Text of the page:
The groom was created the Earl of Snowdon and the couple had two children, David and Sarah. The couple ‘experimented’ with the styles and fashions of the 1960’s. Margaret’s main interests were welfare charities, music and ballet. She became president of the NSPCC and “I CAN” (the Invalid Children’s Aid Nationwide), as well as many other worthy causes. However, her private life became ‘colourful’, as she started to indulge in extramarital affairs in 1966. By the early 1970’s, the couple had drifted apart.
In 1973, the Princess was introduced to Roddy Llewellyn who was 17 years younger than Margaret. The relationship was “a loving friendship” and she invited him to stay at Les Jolies Eaux, the holiday home she had built on Mustique. The News of the World printed photographs of the ‘affair’, calling Llewellyn her “toyboy lover”. The Snowdon's marriage had broken down and their divorce was granted in 1978. That same year, Margaret was diagnosed as suffering from gastroenteritis and alcoholic hepatitis. In December of the same year, Snowdon married Lucy Lindsay-Hogg. In 1981, Llewellyn married Tatiana Soskin and the Princess remained friends with the couple.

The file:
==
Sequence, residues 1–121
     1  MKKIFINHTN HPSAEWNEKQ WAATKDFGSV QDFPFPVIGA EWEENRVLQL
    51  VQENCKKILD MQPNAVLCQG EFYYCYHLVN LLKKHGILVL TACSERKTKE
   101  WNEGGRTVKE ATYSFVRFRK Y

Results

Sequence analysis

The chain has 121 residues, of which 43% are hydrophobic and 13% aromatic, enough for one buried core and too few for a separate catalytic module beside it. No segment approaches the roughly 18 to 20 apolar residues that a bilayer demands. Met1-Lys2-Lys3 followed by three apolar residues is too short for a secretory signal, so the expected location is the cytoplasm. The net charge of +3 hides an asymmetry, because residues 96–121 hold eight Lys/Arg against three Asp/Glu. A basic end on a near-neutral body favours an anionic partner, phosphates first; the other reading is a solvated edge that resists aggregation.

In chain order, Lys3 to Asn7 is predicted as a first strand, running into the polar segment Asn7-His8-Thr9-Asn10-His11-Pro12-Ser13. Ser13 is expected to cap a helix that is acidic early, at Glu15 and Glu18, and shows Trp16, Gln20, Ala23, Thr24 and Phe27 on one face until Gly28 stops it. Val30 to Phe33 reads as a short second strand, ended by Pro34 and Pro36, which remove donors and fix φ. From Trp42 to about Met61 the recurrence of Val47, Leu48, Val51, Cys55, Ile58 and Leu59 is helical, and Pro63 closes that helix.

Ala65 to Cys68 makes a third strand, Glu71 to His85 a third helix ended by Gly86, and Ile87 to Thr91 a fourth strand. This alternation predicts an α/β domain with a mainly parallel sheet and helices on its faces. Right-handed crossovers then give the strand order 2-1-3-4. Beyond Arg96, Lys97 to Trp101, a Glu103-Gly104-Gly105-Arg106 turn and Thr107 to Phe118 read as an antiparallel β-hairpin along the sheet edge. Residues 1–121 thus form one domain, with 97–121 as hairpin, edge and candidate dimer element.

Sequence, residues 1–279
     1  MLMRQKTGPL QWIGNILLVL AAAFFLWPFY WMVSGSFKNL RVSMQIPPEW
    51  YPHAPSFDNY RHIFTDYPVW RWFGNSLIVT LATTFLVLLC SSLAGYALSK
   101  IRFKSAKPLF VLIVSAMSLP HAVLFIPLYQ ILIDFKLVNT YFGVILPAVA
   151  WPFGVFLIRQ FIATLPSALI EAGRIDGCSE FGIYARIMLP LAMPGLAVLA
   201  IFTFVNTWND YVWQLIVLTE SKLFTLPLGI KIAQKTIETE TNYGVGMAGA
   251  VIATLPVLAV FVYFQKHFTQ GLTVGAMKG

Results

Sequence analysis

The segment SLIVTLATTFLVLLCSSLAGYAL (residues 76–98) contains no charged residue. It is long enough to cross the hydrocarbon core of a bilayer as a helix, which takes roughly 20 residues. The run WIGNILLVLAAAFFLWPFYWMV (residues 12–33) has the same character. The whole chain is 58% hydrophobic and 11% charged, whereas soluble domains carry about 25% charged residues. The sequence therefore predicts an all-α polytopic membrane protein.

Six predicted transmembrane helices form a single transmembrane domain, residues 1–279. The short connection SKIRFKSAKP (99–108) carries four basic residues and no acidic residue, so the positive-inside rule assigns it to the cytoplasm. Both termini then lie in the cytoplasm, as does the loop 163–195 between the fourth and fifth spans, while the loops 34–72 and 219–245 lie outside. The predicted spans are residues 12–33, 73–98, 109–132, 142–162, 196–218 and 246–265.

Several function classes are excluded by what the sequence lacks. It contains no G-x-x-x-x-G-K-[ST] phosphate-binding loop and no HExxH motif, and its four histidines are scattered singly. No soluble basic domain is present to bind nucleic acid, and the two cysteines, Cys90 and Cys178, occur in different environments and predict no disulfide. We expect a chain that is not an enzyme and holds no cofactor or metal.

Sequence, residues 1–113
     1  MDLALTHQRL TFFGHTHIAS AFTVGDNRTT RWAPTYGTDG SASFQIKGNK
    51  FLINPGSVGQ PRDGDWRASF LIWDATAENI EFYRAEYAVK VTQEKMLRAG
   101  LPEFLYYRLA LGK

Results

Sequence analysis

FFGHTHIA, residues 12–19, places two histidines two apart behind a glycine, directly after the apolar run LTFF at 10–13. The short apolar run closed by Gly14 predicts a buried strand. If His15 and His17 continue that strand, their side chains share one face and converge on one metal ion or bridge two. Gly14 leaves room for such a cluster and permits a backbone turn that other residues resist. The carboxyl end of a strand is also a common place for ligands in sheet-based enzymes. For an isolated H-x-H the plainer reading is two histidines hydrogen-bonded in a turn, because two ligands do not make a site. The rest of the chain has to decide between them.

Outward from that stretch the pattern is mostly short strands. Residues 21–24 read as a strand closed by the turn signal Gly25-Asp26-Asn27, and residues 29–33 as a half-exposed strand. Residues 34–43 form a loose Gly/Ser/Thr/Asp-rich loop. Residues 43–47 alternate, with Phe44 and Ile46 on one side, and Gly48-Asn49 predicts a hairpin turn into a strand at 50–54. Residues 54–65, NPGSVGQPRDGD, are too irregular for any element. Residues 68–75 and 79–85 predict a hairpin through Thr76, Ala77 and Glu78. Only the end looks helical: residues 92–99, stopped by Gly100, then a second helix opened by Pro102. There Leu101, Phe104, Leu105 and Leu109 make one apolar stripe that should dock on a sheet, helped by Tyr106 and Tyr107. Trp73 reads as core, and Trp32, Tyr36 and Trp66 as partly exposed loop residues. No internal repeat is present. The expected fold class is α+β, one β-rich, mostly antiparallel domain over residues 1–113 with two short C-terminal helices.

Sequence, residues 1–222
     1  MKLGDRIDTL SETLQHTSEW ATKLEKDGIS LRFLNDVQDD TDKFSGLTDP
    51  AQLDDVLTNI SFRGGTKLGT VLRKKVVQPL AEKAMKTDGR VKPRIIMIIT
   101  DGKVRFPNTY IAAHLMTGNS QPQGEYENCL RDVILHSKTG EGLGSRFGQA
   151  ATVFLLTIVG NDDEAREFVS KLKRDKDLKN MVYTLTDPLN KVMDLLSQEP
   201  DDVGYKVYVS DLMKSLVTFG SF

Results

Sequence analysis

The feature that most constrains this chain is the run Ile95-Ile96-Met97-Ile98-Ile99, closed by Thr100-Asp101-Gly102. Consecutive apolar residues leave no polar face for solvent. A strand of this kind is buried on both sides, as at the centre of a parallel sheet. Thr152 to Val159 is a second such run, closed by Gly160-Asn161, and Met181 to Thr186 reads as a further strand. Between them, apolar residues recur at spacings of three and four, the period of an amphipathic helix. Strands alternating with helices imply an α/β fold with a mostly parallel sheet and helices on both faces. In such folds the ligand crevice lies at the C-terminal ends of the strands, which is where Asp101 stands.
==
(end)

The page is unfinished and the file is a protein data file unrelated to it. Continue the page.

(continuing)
Margaret suffered illness and disability in the later years of her life. She was a heavy smoker and suffered a nervous breakdown and depression in the 1970’s. In 1985, part of her left lung was removed, reminding everyone of why her late father died. Margaret gave up smoking but continued to drink heavily. In 1993, she had a mild stroke. She had an accident which limited her mobility and she often had to use a wheelchair. The Princess was hospitalized in 2001 after yet another stroke. The strokes had left Margaret with partial sight and paralysis on her left side.
Princess Margaret saw her mother’s 101st birthday before dying at 71 years of age on 9th February, 2002. The funeral was held on 15th February, (2002) at a private service at St.George's chapel, Windsor Castle.
Although I was fairly young when Princess Margaret was alive, I remember the many beautiful photographs of this Princess in such exquisite ball gowns and dresses. She was a fashion icon in her own right, one of the original “Royal Celebrities”. Yet, perhaps, she just wanted to be like everyone else, as she was quoted as saying: “My children are not royal; they just happen to have the Queen as their aunt".